Rival Sons: Hollow Bones

Rock-solid fifth for the Californian blues-rockers.

Rival Sons: Hollow Bones album artwork

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Since their 2011 major-label debut Pressure & Time, Rival Sons have consistently pulled off the trick of channelling the greats of decades past with a resolutely retro sound, while remaining current. Firm believers in making music that is impassioned, spontaneous and unpolished, the Californian blues-rockers now return with their fifth studio album and, reassuringly, it’s pretty much business as usual.

Entering the studio with no preparation and building their records from the ground up has become the band’s modus operandi and, true to form, Hollow Bones was written and recorded in only three weeks, just prior to hitting the road supporting Deep Purple. With their favoured producer Dave Cobb back at the helm, it’s a relatively slight album, clocking in at around 35 minutes and with only three tracks troubling the four-minute mark, yet it manages to pack in an array of flavours.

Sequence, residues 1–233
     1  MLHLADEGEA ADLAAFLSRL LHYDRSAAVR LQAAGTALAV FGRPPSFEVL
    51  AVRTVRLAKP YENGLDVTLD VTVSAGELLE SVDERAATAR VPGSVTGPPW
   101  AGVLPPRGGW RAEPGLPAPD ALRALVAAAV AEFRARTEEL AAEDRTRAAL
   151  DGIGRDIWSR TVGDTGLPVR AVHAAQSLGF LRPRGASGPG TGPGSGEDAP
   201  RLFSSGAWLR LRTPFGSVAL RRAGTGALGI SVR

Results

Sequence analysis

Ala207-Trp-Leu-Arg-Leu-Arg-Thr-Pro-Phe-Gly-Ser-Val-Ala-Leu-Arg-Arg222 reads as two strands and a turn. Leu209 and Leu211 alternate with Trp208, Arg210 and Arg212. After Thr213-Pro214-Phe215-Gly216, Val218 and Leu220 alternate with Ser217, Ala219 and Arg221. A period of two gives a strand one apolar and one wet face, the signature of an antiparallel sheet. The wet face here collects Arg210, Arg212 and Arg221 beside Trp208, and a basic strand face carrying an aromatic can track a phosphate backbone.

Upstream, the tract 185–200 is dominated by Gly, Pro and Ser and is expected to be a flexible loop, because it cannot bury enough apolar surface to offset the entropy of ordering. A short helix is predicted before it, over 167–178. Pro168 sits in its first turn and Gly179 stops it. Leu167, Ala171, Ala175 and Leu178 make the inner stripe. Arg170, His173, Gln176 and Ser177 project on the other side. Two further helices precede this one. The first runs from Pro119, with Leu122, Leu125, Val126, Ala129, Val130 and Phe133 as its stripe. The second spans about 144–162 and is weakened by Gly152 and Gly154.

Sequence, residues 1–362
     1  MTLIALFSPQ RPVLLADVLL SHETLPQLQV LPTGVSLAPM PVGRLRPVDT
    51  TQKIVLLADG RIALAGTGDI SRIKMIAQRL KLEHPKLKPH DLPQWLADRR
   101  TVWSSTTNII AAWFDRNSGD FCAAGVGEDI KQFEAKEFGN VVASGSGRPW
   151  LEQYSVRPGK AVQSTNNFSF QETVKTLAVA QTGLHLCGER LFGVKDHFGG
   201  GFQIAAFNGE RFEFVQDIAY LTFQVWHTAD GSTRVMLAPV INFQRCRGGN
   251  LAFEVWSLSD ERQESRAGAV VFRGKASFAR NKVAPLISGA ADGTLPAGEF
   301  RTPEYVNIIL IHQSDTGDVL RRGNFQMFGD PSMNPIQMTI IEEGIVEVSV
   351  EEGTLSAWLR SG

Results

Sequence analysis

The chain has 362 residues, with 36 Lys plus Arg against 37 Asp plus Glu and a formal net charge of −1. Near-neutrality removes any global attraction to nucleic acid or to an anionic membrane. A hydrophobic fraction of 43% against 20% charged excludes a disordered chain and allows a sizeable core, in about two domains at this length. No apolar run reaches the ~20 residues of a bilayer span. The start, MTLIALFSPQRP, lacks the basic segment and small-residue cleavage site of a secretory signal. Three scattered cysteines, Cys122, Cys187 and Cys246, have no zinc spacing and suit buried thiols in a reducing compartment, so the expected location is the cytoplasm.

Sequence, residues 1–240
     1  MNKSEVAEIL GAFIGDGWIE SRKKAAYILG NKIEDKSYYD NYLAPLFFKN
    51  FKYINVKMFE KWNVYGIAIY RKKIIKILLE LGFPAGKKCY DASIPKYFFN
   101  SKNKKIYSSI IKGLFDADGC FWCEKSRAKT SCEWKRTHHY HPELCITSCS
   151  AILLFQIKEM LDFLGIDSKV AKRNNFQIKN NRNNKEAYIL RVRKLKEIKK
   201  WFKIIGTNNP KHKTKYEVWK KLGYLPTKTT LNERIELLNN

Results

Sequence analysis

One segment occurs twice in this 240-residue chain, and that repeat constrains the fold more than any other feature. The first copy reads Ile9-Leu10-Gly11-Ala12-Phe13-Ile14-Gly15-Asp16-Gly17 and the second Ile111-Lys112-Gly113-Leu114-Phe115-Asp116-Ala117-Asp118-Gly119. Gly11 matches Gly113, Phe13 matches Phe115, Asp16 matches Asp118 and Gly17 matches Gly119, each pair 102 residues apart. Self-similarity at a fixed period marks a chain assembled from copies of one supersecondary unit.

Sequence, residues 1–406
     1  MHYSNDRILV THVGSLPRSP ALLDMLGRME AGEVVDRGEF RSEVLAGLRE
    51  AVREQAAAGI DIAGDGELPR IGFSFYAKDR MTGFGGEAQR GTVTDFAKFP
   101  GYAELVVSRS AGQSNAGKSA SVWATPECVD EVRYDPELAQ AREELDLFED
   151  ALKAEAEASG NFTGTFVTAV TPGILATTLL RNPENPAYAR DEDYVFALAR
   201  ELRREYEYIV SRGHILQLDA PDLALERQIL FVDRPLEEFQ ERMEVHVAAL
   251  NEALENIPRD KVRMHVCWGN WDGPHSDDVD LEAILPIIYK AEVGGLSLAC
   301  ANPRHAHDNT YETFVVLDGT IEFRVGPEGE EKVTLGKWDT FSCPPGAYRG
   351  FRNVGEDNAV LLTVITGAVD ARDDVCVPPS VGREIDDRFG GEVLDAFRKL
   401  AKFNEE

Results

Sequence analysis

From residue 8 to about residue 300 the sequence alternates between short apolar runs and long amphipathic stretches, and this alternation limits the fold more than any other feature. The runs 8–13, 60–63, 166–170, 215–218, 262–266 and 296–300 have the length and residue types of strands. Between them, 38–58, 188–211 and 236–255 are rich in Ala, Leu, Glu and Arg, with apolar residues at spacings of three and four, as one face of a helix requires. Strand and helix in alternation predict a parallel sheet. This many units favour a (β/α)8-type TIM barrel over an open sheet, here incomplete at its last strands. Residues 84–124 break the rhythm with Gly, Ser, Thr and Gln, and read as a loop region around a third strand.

The opening trio of songs are the most effective: taut, punchy and brimming with conviction. Lead-off single Hollow Bones, Pt 1 hinges on a spare and heavy groove, Jay Buchanan’s ascending vocal line creating palpable tension and release for its towering refrain. If the persistent comparisons to Led Zeppelin irked the band in the early stages of their career, it’s still difficult not to hear Messrs Page and Bonham seeping through Scott Holiday’s fractured guitar solo and Mike Miley’s thunderous drums.

Buchanan’s former status as an acoustic folk singer occasionally allows a softer element to surface in his delivery, the 60s-tinged croon of Tied Up giving way to a lusty chorus. With the Californian mysticism of Thundering Voices, all portentous riff and echoes of native American chanting, the frontman sounds like an interesting guy. Enjoyably disparate, but linked by irresistible hooks and melody, you can already hear most of these tracks being bellowed back toward the stage by the live audience.

If the mid-section doesn’t quite scale the same heights, there’s still plenty to enjoy in the defiant groove of Pretty Face and the dramatic, slide-drenched atmospherics of Fade Out. An inspired choice for the sole cover version, too, the only issue with recreating a very specific performance – namely Humble Pie’s superlative rendition of Black Coffee – is that it misses some of that Marriott mischief. It’s a minor drawback though, Cobb’s spacious production and live approach allowing plenty of the band’s personality and chemistry to shine though. A solid return.